Armenian News Network / Groong


Groong: Week in Review



November 6, 2022



     Arthur Martirosyan


     Hovik Manucharyan

     Asbed Bedrossian



Hello, and welcome to the Armenian News Network, Groong, Week in Review. This show was recorded on November 8, 2022.

Here are the major topics we’ll touch on today:

      Latest “Peace” Developments

      Border delimitation discussions in Brussels

      Meeting of the foreign ministers in Washington DC.

      Bellicose Statements between Azerbaijan and Iran

      Ruben Vardanyan takes over as State Minister of Artsakh.


To talk about these issues, we have with us:


Arthur G. Martirosyan, who is a Senior Consultant with CM Partners. In 1994, after graduating from Yale University, he joined Conflict Management Group and Harvard Negotiation Project, and has since worked on conflicts in the former Soviet Union, the Middle East, the Balkans, Africa, and Latin America.


Topics This Week

Latest “Peace” Developments

After the negotiations and subsequent declaration in Sochi, last week negotiations and interaction around the so called “Peace” treaty between Armenia and Azerbaijan continued apace. The committees on border delimitation, which the sides have committed to complete in time for signing of the treaty, met in Brussels. Meanwhile, Bayramov and Mirzoyan flew to Washington DC to hold a meeting under the auspices of the US state dept.


Border Discussions in Brussels

Let’s talk about the border delimitation first. On Thursday November 3rd, the deputy prime ministers of Armenia and Azerbaijan met in Brussels to continue discussion on delimiting the border between the two countries.

Following the September war, Pashinyan’s government said it is committed to signing an agreement with Azerbaijan in 2022, and in October Armen Grigoryan stated that the process of delimitation is also slated for completion in 2022.

Armenia and Georgia, who are actually on friendly terms with each other, have been working for more than 20 years to delimit and demarcate their border.

      How is it possible to delimit a border which is at least twice as long as the Armenia-Georgia one, in a few months?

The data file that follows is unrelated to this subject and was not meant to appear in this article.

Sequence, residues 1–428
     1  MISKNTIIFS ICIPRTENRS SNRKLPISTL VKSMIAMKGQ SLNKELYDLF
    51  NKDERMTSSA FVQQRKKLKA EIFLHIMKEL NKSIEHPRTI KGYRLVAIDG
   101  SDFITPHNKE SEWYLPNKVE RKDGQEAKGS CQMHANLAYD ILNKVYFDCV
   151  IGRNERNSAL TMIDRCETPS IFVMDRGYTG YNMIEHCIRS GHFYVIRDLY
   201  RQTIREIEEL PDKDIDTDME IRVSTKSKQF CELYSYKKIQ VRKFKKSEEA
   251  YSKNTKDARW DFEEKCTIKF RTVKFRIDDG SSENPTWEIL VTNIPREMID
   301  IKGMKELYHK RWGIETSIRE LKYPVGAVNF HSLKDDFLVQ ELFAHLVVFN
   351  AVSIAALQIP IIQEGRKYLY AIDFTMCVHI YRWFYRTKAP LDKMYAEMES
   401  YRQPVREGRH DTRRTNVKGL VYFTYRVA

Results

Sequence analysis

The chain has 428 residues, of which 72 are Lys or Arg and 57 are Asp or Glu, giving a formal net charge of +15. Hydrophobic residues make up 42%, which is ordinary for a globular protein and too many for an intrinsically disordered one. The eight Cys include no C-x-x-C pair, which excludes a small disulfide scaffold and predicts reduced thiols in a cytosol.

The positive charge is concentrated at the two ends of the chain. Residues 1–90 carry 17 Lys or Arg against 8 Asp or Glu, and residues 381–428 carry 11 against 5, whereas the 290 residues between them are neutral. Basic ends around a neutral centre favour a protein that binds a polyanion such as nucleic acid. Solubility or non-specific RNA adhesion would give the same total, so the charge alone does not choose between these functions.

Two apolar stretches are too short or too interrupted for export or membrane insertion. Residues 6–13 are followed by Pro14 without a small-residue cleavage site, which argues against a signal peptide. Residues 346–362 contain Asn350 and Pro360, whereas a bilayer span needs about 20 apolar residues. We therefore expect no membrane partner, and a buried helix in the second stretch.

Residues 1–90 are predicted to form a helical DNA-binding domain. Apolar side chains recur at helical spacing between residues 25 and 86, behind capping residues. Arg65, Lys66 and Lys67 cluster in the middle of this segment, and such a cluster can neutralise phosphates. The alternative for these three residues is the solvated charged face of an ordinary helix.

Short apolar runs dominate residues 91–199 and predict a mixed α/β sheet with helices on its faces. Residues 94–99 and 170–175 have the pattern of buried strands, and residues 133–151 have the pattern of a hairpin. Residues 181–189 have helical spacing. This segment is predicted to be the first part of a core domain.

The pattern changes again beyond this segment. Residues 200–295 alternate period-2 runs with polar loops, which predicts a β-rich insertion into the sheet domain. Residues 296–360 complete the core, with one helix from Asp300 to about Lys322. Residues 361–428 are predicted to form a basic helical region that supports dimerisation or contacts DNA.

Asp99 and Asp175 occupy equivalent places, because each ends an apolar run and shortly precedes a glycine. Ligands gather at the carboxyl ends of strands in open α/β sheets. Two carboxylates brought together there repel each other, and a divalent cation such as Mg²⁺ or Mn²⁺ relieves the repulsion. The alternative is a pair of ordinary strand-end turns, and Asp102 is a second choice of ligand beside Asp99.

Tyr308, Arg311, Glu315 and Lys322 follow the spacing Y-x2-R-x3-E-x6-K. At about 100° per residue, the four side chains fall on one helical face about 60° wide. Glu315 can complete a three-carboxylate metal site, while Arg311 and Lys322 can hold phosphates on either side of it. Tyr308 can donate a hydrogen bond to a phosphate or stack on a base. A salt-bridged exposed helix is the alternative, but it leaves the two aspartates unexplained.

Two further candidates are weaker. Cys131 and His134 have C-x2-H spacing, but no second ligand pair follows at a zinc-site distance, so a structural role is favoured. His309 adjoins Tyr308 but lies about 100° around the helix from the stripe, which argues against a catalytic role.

If Moscow has said that its general staff archives are in possession of the most accurate maps of the region, why are these discussions being held in Brussels?


Foreign Ministers in DC

Very soon after Pashinyan met with Aliyev in Sochi, foreign minister Ararat Mirzoyan announced that he will meet with his Azerbaijani counterpart, Jeyhun Bayramov, in Washington DC this week, at the invitation of US Secretary of State Anthony Blinken. That meeting took place today on November 8, 2022. Nothing public was announced other than re-affirmation of the statements in Prague and Sochi.

The meeting in Sochi which was organized and attended by Putin. The three parties agreed on a statement: they resigned from the use and the threat of force; they agreed to resolve issues based only on mutual recognition of each other’s territorial integrity and inviolability of borders.

Prior to the Sochi meeting, Russia had indicated that it would support a special mention of Artsakh in the declaration. There were also references by Pashinyan to a 15-point declaration, which would also prolong the duration of Russian peacekeeper deployment. These things didn’t happen, and Putin indicated disagreement among the sides as the reason for this.

Now, the sides are in Washington DC continuing their negotiations. Pashinyan says he sees no issue with this and has said that both Western and Russian proposals are acceptable to Armenia.

As Pashinyan himself admitted, the Western proposals foresee a recognition of Artsakh wholly as part of Azerbaijan.